Saturday, August 23, 2008

NewMediaJim Seesmic of Our Visit to "Camp Biden"

We visited NewMediaJim (Jim Long of NBC News) who was on the Obama VP watch at Sen. Joe Biden's home in Delaware. It looks like they sent Jim to the right location, but the excitement was punctuated by long stretches of sheer boredom, interrupted by lunch runs from social media types. The other journalists on site were amazed at the extent of Jim's social media network.

Whitney Hoffman, leader of the Podcamp Philly organizing committee (September 6-7 at Temple University), lives nearby and has visited Jim several times during the media vigil. I connected with Whit (@ldpodcast on Twitter) and we brought sandwiches and drinks.


Here's Jim's Seesmic report on our visit:


Friday, August 22, 2008

A Brief Visit to Camp Biden, Delaware

News media speculation about Barack Obama's choice for his running mate includes the possible naming of Delaware Sen. Joseph Biden. The local and network news media are camped out at the foot of Biden's driveway. Professional Podcasts paid a brief visit to the press corps, and spent a few minutes with Jim "NewMediaJim" Long of NBC News, one of the videographers on the Biden VP Watch.

Public Service Electric & Gas installs a new transformer in Cherry Hill, NJ

At about 9:15pm on August 20, 2008, a power transformer serving about six homes on Crestbrook Avenue in Cherry Hill, NJ, burned out, cutting power to the homes for more than 14 hours. About 12 hours into the power failure, PSE&G crews arrived with a replacement transformer. The failed unit was one of the original transformers installed when the neighborhood first received underground wiring almost 40 years ago. In this documentary report, Steve Lubetkin of Professional Podcasts shows the repair and installation process. The report was recorded on the VuPoint Solutions DA1 camera and a Sony VX1000 MiniDV camera. Post-production in the studios of Professional Podcasts on Sony Vegas Movie Studio Platinum 9.0. Comments and suggestions welcome, at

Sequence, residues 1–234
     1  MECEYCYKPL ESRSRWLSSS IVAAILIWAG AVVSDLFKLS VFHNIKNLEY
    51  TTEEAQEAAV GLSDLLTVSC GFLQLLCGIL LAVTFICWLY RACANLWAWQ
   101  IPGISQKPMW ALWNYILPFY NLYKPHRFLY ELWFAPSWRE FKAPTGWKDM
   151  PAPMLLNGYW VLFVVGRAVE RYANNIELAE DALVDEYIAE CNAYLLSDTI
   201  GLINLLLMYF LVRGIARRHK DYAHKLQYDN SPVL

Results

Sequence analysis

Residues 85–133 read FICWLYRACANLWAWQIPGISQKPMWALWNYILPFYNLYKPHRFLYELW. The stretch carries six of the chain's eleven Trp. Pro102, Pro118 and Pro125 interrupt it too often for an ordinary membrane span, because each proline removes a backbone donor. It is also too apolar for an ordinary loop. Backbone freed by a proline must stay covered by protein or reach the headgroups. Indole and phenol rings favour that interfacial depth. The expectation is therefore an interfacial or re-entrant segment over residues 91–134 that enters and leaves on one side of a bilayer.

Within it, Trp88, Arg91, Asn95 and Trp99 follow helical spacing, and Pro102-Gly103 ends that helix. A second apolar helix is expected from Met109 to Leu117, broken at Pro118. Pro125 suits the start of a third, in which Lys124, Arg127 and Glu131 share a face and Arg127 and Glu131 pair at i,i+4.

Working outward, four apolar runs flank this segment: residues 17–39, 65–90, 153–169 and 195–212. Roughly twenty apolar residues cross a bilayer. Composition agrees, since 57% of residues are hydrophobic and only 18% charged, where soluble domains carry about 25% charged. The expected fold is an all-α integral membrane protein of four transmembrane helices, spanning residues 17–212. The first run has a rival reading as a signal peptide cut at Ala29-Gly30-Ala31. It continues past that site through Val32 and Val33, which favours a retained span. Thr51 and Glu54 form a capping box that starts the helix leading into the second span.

Friday, August 08, 2008


When in doubt, take the safe course...

That's one of the primary safety rules they teach you on the railroad, and it seems that it still applies throughout our corporate economy, where doing what's safe and expected and riskless takes precedence over doing something new, untested, experimental, edgy, or -- gasp! -- uncontrolled by IT and the company.

I just attended a networking event for a technology group, and one of the panelists in the short dialogue that preceded the drinks made a point of saying her organization blocks access to iTunes and other social media.

When I questioned that approach, the answer was pretty much the same you always hear...we're afraid our employees can't be trusted to be responsible in their downloading, they might clog the server with music, or something worse.

Of course, the guy who runs IBM's employee blogging program has answered that question quite well.

When asked how they can trust the employees to blog, he says, we trusted them enough to hire them, now that they are employees why would I trust them less? But most of corporate America does distrust its employees. And the employees know it.

It's pervasive in corporate America. Assume the worst of all employees, block all ability to try something new or different. Don't manage by exception, just block everyone. The right approach would be to let people try new things, see if there's a great application that could enhance the business, attract new customers or donors or supporters, whatever.

Only block the ones who actually abuse the system.

But they never seem to do that. Much easier to tell everyone you don't trust them, and then act shocked when they try to circumvent the restrictions.